Book response update: what we used to call “encouraging progress”

Early in my financial marketing career, I did quite a lot of ads communicating companies’ financial results.  This was lucrative work for the agency, but desperately dreary for the poor sods actually doing the work.  Among the investment community targeted by this advertising, there was a recognised short list of coded expressions that were understood to convey precise and surprisingly detailed messages about the performance of the companies in question.  “Poised for growth” meant “still losing money”,  “strengthening the management team” meant “firing the CEO for underperformance”,”  “steady progress” meant “dead in the water”, and so forth.  It wasn’t necessary, or indeed useful, to try to come up with new or different forms of words:  the aim was simply to choose the existing option which fitted the facts most accurately.  (There’s probably an algorithm that does this these days.)

Perhaps the phrase we dialled in most often was the one in this blog’s headline, “encouraging progress.”  This was about the blandest message available, the beigest colour in the colour palette,  It meant things weren’t going too badly, but nor were they going all that well.  You wouldn’t want to sell your shares in a panic, but you wouldn’t be queuing to buy more.

That all seems to fit pretty well with the tenor of this report on my last post, in which I urged the FS marketing community to respond more vigorously to my book on the subject, No Small Change, co-written with leading challenger banker Anthony Thomson.  In response, the following things have happened:

  • The book shot back up to about #10,000 on Amazon, although I have to admit that it has now shot back down again to about #300,000.
  • It has now gathered a total of six Amazon reviews, and although that doesn’t compare too well with, say, the 2,000 or so received by The da Vinci Code, ours average out at 4.8 stars and Dan Brown’s only just over 4 (which I to say I think is absurdly generous).
  • One estimable client has not only read it, but has also sent me a copy of his written critique, to be circulated among his team, which includes, for goodness sake, no fewer than 93 bullet points (the large majority of them positive).
  • Another estimable client has also read it, and, perhaps even more admirably, invited me to discuss it over lunch.

That’s about it, and writing it all down like this I do wonder whether “encouraging” progress might be pushing it a bit.  As I recall, the next level down was “solid” progress – perhaps that captures it better.

Come on, FS marketers, let’s be ‘avin you.

It seems to have been an obscure American humorist called Olin Miller (not Mark Twain, or Eleanor Roosevelt, or any other of the usual famous-quote suspects, and definitely not Delia Smith) who first  made that mildly deflating comment, “You’d worry a lot less about what other people think of you if you realised how seldom they do.”  We don’t know much about Mr Miller, or the circumstances in which he made the remark, but I wouldn’t be surprised to find he’d recently published a book about financial services marketing.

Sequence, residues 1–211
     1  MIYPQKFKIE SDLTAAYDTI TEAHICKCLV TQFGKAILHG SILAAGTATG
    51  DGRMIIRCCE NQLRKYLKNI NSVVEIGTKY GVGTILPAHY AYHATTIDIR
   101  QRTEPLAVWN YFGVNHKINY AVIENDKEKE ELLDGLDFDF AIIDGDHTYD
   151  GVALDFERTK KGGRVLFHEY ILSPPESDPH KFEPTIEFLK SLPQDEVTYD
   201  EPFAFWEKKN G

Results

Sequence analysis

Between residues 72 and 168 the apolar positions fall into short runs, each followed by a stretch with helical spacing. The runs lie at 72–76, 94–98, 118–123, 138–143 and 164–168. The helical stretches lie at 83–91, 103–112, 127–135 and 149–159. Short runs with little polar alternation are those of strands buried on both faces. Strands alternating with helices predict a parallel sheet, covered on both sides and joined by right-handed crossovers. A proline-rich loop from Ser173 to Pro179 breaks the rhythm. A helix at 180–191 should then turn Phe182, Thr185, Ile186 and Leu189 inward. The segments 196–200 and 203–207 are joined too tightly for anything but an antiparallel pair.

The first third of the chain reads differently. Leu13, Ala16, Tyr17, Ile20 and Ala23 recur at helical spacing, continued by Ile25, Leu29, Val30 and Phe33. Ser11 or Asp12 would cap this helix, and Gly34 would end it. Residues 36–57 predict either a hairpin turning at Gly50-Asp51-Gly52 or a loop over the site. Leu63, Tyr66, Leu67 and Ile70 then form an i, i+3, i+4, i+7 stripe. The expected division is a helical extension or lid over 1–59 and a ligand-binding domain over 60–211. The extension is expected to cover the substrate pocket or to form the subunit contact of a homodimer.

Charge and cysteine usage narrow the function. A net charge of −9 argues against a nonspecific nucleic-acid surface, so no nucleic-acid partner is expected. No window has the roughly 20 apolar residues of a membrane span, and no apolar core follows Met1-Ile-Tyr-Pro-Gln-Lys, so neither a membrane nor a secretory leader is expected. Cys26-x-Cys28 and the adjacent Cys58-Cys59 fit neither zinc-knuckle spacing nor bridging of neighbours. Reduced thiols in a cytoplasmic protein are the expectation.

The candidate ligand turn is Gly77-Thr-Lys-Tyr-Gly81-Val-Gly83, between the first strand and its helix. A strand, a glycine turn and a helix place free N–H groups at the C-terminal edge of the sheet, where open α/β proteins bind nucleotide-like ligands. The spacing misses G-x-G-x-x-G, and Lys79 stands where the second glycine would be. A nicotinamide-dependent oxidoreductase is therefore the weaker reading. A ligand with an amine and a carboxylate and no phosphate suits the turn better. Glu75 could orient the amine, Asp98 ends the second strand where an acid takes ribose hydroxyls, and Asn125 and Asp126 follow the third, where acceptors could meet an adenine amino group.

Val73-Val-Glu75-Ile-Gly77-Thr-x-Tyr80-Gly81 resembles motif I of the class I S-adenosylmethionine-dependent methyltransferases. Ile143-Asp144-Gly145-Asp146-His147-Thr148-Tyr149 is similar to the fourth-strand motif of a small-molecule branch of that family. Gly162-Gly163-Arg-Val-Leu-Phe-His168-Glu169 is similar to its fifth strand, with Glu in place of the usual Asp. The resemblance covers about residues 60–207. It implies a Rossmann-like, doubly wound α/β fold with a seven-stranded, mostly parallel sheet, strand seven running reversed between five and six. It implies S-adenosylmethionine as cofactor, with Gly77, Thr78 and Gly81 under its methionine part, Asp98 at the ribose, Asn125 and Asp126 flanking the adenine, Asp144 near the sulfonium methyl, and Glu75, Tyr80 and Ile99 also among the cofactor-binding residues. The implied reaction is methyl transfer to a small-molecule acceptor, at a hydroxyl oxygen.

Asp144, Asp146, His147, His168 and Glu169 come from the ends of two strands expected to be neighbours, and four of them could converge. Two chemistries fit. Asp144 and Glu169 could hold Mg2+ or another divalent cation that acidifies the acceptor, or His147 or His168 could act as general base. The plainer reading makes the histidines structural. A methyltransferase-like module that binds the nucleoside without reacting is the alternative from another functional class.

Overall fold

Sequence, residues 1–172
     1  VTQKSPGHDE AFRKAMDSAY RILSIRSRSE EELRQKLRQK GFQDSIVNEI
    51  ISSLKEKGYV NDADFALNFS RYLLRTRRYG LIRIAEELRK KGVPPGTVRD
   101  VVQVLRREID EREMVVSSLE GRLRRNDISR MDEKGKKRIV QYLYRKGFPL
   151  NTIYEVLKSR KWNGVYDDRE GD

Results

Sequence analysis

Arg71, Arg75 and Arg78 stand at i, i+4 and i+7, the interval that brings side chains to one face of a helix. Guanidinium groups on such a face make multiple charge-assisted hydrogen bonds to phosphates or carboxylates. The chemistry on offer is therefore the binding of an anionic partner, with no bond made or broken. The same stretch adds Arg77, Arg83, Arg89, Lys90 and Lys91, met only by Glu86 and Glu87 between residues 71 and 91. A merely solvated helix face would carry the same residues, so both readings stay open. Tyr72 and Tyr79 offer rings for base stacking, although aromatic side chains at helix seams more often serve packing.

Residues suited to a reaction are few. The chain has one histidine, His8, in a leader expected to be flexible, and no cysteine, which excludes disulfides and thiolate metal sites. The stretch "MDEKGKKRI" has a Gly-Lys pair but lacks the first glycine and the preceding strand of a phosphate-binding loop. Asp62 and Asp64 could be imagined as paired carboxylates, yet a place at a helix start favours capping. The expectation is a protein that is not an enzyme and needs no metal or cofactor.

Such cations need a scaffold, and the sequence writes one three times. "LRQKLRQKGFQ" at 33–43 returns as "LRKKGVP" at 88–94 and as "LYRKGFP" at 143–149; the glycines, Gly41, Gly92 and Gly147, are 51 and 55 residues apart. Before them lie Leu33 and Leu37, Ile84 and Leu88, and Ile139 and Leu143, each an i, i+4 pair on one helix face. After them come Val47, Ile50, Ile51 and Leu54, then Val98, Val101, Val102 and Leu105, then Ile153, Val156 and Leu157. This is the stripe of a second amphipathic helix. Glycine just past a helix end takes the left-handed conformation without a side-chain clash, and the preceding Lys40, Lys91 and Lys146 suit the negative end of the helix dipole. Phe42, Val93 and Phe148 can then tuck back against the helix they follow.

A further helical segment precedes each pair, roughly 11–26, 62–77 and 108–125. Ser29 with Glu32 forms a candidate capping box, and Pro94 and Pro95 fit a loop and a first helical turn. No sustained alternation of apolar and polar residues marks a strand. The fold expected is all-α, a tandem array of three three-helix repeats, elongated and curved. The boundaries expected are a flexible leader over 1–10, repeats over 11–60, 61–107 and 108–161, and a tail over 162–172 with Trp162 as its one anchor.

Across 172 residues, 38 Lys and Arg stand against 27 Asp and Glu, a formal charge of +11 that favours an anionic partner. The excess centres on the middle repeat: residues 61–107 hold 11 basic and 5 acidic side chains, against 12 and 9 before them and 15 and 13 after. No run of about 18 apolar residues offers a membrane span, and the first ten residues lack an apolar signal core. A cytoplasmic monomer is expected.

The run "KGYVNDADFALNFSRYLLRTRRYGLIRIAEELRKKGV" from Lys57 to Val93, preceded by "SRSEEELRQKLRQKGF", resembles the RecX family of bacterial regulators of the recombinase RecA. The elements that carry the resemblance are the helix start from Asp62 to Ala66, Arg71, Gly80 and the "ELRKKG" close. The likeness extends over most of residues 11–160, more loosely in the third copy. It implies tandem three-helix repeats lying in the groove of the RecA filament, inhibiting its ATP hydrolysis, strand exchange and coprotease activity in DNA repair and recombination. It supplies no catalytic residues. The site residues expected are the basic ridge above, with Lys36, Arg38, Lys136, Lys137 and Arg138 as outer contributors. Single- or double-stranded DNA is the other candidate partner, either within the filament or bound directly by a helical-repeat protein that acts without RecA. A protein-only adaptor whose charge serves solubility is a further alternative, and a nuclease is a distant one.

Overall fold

When my co-author Anthony Thomson and I published No Small Change:  Why Financial Services Needs a New Kind Of Marketing a couple of months ago, we didn’t imagine we’d be rivalling Dan Brown and JK Rowling at the top of the best seller charts.  But, to be honest, having included some original and quite controversial ideas, some harsh and probably unfair criticisms, some surprising new market research findings and some reflections from the individual who is now the UK’s, probably Europe’s and now arguably the world’s leading challenger banker (Anthony, obvs, not me), ,I think we have been a tad surprised by the near-complete silence that has greeted us.

One of the more important ideas in the book is that marketers can never blame their target markets for not getting what they have to offer or hearing what they have to say.  If the target market doesn’t get it or hear it, by definition it’s the marketers’ fault.  Exactly the same is true of authors.  By definition, if people don’t know of the book, or if they do but can’t make any sense of it, then it’s our fault (and maybe also a little bit our publishers and our PR people).

But even so, it’s not quite that simple.  We do know that a lot of our friends, clients and contacts have bought it – after all, we signed several hundred copies at our various launch events – and even if most just bought copies to be nice and show support, there must have been some who intended to read it, or at least part of it.

And yet we’ve only had four reviews on Amazon, and while they are all perfectly genuine reviews from real people who’ve read the book, three of the four did result from email exchanges in which we said how grateful we’d be if the individuals concerned could write up some of the nice things they had to say.  And of course it’s a mixed blessing that all four of the reviews all give us five stars – hasn’t anyone managed to find anything they’re upset about (not even at Barclays)?

I don’t think I’m going to say any more on this subject, because I can feel that I’m on the brink of blaming my readers and that really is a cardinal sin.  But encouraging my readers is OK – so, come on, chaps and chapesses,let’s be aving you – there’s still plenty of time to say something, appreciative, or indeed otherwise.